Category Archives: Electricity or Power

Grameenphone to use solar to cut costs, emissions


Oct 5 (Reuters) – Bangladesh’s top mobile phone carrier Grameenphone GRAE.DH signed deals with three solar power companies to run its base stations using the alternative energy, a statement from the cellphone operator said on Tuesday.

The deal will save the Grameenphone, which is 62 percent owned by Norway’s Telenor (TEL.OL), up to 1.15 million litres of diesel a year, the company said.

“Annual carbon emissions up to 3,062 tonnes will be avoided, while millions of people will be connected to mobile networks using green power,” the c0mpany said.

Chief Executive Oddvar Hesjedal said Grameenphone was the first telecommunication company in Bangladesh to use solar power on a large scale.

Grameenphone has over 160 off-grid base stations which are entirely dependent on diesel generators and around 1,500 more sites where the grid power situation is poor.

Only one in three people in Bangladesh have access to a mobile phone, though mobile use has been growing at a rate of more than 20 percent a year among Bangladesh’s more than 150 million population. (Reporting by Serajul Islam Quadir; Editing by Anis Ahmed and David Holmes)



Bangladesh invites bids for two power plants


Oct 12 (Reuters) – Bangladesh has invited bids for two fuel oil-fired power plants to generate 150 megawatts of electricity for a period of 15 years, officials said on Tuesday.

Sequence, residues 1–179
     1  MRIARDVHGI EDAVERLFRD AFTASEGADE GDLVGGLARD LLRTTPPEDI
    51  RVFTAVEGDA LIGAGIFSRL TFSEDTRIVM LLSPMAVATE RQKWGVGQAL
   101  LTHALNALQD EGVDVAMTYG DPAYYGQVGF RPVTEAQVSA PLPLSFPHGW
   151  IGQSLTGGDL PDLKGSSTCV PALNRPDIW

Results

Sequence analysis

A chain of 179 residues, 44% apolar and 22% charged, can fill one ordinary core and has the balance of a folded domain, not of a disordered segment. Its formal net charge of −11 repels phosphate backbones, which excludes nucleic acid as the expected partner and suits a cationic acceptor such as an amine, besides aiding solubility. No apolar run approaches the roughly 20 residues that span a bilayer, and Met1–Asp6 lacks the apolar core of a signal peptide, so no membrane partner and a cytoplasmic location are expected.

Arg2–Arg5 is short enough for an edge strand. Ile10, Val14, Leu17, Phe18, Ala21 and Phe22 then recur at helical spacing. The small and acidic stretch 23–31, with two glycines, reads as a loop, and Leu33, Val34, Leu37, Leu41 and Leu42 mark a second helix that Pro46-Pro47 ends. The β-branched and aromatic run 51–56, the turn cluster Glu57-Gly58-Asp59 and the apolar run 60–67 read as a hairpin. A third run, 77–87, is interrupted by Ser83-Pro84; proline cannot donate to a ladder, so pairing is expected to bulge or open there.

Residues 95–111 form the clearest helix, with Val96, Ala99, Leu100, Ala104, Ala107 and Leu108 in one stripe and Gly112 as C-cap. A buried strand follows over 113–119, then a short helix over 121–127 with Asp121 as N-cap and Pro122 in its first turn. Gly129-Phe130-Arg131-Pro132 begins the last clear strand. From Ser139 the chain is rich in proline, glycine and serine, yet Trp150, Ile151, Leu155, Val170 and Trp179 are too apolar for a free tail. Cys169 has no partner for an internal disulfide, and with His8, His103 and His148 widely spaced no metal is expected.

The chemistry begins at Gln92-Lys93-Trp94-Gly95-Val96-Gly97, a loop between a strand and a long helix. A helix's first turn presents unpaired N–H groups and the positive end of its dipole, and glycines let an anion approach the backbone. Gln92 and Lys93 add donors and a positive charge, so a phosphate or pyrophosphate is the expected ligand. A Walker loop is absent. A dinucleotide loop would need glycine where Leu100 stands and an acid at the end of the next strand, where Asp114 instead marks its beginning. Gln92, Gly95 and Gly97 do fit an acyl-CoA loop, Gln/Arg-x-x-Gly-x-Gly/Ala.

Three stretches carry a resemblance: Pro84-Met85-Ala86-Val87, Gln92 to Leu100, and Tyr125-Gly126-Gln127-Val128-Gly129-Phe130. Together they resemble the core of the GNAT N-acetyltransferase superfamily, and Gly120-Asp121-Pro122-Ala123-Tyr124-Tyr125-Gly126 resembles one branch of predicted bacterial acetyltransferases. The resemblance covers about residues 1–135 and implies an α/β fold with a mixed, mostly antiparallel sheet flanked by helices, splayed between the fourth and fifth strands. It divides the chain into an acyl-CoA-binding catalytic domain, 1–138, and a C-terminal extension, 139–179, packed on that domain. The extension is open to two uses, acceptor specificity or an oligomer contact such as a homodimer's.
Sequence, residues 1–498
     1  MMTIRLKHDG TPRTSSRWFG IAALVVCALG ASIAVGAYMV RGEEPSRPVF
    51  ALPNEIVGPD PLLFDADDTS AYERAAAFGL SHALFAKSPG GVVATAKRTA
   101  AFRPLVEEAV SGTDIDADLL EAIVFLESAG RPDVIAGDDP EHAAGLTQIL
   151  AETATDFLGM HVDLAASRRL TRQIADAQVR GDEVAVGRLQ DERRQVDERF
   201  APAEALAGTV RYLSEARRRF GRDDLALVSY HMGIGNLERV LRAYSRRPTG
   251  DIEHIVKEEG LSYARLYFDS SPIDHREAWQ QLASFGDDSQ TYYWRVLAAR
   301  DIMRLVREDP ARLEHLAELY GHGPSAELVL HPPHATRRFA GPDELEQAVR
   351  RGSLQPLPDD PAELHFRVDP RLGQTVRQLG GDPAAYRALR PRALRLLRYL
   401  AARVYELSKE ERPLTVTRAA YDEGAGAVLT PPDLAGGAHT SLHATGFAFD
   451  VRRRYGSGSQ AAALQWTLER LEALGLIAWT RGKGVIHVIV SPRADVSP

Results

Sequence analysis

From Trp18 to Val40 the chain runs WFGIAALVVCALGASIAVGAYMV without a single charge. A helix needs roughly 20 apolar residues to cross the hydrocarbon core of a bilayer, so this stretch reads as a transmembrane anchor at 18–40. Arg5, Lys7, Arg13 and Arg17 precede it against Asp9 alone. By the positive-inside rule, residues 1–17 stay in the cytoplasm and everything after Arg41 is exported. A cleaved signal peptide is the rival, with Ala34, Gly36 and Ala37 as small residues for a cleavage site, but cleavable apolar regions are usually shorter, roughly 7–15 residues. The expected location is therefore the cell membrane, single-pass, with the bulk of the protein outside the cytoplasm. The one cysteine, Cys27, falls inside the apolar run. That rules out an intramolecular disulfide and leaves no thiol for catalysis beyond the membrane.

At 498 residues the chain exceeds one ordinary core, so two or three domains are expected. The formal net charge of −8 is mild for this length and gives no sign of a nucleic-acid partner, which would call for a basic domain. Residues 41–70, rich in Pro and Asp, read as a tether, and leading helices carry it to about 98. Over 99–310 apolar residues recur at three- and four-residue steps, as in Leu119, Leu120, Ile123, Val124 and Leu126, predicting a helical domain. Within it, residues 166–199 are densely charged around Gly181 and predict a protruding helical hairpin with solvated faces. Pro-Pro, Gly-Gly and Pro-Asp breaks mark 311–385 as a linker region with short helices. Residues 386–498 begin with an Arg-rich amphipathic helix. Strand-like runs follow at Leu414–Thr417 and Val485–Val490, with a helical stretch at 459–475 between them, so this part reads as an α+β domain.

Bidding for build, own and operate (BOO) contracts will involve one plant for 100 MW to be located at Aminbazar on the outskirts of Dhaka and another for 50 MW in Barishal, which is 300 km (188 miles) south of the capital.

Two separate tenders floated last week will close on Nov. 15.

Energy-starved Bangladesh, which faces a deficit of 2,000 MW of power, aims to set up a number of power plants to cover the shortfall as quick as possible, a senior official of the Bangladesh Power Development Board (BPDB) said.

The BPDB is the regulator for power generation and distribution in the country, where the gap between power demand and generation has been growing.

The government is working on a plan to generate 9,000 MW of electricity by 2015, the official said.

Bangladesh also seeks to buy electricity from rented generators, and so far it has signed deals with eight firms including Britain’s Aggreko PLC (AGGK.L) to buy some 870 megawatts of power for periods up to five years starting later this year.

Aggreko has already started generating 200 MW from two rented generator from August, and the firm is likely to win another deal to sell another 150 MW.

These deals were awarded without floating tenders to meet urgent power requirements. Companies charge between $0.11 and $0.21 for each kilowatt hour unit of electricity generated from fuel oil-fired plants.

The Bangladeshi parliament recently passed a law authorising the power ministry to sign deals to augment power generation in the energy-starved country.

With the passage of the law, the power ministry can also award unsolicited deals to chosen firms for the sake of quick power generation.